Both. He’s up and down, but for me mostly down. I think his best performance as a guitarist with Maiden was on the NPFTD album. As a songwriter, probably Out Of The Silent Planet and The Book Of Souls. And maybe 4-5 other songs he co-wrote are pretty strong. But even his stronger songs are usually derivative and self-plagiarizing in some way, IMO.
 

TheMercenary

Ancient Mariner
Bruce is undeniably the best singer of Iron Maiden. Because he can sing high, medium and low notes really easily. Paul and Blaze were great too, but while Paul's voice was very rough, Blaze's voice was more emotional. The two combined could lead to Dickinson's voice. Personally, I love the three singers, the three eras and all the albums the band has released since its debut in 1980. IMHO, all the records have something different and interesting to offer to the fans. That's why I don't like to rank the albums. It's complicated and, for me, utterly useless.
 
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Helmuth Von Moltke

Educated Fool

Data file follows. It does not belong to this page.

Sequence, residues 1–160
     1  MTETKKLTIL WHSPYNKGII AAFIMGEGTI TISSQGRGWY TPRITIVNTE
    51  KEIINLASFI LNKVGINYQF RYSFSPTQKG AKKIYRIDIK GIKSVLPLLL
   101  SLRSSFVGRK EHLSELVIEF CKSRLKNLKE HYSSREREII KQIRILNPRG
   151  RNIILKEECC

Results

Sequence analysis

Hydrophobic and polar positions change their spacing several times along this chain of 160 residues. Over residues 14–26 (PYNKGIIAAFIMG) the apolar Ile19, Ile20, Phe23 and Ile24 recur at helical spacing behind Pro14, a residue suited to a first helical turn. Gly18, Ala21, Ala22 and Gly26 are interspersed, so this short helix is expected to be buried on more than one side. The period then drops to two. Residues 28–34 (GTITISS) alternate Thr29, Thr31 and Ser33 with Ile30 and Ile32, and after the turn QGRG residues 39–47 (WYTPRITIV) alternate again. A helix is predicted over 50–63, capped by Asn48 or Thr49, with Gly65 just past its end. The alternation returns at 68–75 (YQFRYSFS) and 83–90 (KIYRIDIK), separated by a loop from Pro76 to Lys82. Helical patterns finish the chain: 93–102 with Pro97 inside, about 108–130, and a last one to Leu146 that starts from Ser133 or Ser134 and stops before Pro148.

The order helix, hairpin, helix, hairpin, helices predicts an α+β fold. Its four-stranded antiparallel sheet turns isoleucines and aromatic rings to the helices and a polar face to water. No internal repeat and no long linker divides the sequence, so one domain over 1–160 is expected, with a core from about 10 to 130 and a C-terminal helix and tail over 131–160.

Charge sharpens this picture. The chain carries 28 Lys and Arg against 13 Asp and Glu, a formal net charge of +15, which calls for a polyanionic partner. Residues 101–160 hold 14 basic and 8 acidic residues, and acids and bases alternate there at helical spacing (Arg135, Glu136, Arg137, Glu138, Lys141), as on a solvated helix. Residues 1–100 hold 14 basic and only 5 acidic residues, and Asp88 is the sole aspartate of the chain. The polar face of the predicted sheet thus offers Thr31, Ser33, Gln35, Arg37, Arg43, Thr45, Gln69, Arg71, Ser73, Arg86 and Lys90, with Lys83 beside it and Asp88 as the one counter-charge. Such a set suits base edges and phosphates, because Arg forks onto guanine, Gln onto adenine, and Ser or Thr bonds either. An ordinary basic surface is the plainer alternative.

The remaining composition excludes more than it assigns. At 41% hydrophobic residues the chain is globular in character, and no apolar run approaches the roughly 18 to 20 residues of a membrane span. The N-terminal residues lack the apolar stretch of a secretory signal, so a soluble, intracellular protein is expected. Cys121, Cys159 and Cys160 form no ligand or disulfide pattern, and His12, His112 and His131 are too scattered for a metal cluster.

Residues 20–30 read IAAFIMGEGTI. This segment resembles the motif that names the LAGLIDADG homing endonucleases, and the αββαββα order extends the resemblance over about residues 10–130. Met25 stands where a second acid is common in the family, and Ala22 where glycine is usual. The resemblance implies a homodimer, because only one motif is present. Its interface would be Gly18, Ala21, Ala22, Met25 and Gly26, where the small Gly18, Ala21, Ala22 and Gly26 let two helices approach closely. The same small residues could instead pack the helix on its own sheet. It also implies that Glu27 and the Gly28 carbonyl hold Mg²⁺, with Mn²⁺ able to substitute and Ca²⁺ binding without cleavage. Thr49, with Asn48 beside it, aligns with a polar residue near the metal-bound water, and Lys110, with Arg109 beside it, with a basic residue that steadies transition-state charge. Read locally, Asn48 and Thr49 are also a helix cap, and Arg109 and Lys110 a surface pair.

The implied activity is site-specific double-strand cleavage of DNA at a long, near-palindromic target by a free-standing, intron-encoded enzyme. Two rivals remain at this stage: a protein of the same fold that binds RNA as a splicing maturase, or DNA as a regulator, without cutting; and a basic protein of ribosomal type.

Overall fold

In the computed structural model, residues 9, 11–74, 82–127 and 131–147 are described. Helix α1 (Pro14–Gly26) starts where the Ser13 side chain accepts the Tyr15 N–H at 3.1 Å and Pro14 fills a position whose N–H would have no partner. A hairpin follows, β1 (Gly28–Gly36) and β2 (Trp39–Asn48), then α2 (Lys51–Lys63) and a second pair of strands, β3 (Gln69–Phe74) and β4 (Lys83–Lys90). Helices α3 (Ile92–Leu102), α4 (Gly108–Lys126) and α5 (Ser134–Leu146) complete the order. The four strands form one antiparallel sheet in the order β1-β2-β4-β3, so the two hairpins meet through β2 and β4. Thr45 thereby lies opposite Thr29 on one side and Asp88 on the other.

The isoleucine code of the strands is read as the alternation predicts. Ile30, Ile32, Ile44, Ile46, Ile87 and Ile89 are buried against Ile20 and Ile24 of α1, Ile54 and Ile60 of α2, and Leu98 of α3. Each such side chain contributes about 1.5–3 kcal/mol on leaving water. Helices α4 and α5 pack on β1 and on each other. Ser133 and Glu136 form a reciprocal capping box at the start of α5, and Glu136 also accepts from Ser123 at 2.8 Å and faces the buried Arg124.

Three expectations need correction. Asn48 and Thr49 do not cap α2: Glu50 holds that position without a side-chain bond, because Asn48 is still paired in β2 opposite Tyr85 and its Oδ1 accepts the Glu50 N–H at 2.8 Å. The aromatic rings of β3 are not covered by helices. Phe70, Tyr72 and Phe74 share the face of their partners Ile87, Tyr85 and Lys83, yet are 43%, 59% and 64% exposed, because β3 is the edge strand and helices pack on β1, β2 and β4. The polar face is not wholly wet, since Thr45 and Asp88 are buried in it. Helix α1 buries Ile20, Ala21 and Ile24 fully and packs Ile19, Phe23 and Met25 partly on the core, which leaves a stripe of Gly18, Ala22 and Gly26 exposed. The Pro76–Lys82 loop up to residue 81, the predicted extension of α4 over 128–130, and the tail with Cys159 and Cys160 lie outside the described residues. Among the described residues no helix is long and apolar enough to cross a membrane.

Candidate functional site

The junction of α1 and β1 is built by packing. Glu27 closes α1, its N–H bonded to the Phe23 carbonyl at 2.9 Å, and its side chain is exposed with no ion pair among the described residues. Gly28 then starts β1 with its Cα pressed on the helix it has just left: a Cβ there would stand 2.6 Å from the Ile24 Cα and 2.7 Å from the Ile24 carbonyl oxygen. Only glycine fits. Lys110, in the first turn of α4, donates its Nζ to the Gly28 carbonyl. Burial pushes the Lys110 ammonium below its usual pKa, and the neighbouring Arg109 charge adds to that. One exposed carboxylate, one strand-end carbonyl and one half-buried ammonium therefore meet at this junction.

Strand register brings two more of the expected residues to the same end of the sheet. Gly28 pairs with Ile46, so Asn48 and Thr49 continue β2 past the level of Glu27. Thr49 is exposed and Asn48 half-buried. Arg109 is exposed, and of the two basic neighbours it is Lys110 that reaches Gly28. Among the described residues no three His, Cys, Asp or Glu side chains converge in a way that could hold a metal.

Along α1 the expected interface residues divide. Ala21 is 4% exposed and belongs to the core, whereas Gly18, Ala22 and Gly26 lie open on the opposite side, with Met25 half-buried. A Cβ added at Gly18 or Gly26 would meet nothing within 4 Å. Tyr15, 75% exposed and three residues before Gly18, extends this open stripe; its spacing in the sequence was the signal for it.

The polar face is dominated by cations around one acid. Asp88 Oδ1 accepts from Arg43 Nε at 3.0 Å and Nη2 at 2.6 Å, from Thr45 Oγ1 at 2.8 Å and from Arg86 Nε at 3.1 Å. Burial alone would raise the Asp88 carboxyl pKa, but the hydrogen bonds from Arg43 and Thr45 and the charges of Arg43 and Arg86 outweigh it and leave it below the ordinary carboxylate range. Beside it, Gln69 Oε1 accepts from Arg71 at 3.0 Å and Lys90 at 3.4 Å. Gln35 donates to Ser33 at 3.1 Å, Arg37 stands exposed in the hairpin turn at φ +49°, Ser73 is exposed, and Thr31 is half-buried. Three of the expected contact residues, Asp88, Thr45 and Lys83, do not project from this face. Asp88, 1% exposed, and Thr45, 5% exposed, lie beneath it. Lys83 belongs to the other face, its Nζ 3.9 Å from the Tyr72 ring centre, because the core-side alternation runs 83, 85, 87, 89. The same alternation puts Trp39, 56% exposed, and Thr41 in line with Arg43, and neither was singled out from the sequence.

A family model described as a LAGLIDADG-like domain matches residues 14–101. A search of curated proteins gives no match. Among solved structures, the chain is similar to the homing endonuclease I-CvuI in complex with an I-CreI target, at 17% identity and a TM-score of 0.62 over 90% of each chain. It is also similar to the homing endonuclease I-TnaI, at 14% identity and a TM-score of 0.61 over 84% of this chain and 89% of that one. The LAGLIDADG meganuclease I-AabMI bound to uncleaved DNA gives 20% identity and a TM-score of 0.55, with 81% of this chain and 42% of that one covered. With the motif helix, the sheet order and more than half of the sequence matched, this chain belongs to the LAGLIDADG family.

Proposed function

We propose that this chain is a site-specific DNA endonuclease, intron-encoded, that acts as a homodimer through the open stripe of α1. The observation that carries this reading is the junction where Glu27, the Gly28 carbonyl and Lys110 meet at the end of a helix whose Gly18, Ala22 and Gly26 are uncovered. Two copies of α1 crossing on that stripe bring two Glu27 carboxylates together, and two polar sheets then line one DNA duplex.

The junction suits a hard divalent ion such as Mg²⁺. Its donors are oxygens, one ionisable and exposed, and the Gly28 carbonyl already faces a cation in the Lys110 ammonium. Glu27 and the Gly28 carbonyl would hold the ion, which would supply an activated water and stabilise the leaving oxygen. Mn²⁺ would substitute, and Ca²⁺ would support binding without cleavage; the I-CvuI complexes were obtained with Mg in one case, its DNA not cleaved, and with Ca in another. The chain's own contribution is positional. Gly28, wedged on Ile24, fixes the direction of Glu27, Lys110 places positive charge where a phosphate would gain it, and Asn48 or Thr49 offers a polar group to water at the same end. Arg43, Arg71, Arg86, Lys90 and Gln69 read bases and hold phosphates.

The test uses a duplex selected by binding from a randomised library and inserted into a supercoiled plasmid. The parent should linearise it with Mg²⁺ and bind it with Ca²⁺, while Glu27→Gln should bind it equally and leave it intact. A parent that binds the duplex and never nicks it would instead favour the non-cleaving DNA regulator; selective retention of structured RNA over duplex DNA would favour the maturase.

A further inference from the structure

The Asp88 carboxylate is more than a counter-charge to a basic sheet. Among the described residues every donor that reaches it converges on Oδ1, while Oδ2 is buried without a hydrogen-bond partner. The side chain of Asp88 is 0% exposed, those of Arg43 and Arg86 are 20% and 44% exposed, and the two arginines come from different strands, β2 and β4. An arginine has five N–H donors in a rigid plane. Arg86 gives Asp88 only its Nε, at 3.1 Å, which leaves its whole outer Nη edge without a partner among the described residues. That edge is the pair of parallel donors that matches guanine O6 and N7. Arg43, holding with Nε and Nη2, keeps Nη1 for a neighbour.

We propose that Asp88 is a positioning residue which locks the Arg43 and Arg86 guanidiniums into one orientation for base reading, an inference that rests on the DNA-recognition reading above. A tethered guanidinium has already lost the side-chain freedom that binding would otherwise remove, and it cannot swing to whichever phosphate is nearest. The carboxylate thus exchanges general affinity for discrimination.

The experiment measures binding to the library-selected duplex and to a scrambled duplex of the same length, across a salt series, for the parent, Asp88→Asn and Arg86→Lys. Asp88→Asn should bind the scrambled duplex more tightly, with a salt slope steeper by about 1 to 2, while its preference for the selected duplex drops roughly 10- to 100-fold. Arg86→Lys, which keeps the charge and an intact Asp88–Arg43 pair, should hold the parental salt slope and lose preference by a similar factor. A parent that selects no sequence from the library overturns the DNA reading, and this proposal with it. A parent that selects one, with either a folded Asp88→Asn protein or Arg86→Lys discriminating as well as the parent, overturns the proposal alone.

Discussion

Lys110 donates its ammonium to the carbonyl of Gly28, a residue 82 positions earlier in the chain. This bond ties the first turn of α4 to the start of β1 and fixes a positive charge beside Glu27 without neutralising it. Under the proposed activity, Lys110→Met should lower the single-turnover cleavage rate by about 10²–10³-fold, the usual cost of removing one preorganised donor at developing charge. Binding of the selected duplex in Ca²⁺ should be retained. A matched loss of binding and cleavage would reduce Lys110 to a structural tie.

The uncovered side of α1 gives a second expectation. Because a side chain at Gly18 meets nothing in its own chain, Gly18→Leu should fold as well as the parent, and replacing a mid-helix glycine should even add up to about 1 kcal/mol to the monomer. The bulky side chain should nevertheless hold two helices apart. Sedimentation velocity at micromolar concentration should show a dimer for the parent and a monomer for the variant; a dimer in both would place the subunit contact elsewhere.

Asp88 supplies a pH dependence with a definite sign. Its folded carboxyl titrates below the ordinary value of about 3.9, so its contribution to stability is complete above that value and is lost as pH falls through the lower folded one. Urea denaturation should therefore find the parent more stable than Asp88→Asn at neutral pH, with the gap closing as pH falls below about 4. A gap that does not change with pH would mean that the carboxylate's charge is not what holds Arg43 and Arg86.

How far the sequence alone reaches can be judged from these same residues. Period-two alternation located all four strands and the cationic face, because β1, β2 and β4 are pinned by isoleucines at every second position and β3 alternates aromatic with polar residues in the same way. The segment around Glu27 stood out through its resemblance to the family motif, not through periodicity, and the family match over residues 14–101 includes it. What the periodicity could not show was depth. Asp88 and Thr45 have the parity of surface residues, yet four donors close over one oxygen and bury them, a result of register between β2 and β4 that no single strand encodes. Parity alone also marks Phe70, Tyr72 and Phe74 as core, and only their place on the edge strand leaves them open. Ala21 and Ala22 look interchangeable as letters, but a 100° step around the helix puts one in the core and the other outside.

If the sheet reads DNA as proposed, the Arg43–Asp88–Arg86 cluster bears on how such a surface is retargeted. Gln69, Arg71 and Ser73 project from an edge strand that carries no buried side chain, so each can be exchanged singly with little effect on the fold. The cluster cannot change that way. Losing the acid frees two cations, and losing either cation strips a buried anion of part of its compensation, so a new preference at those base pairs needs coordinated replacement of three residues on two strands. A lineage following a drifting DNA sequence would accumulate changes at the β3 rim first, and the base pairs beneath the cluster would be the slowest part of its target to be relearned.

Both. He’s up and down, but for me mostly down. I think his best performance as a guitarist with Maiden was on the NPFTD album. As a songwriter, probably Out Of The Silent Planet and The Book Of Souls. And maybe 4-5 other songs he co-wrote are pretty strong. But even his stronger songs are usually derivative and self-plagiarizing in some way, IMO.
Harsh and undeserved, in my opinion. Fair enough if that's what you think, but there is one obvious error in your view.

His 'self plagiarism' cannot have crept in until he had written enough Maiden material to plagiarise in the first place.

I agree that the intros to Time Machine and Talisman bear similarity, and Jan is a co-writer on both. And Shadows of the Valley or Book of Souls each carry clear imprints of past Maiden songs. But this is all material from the last decade or so.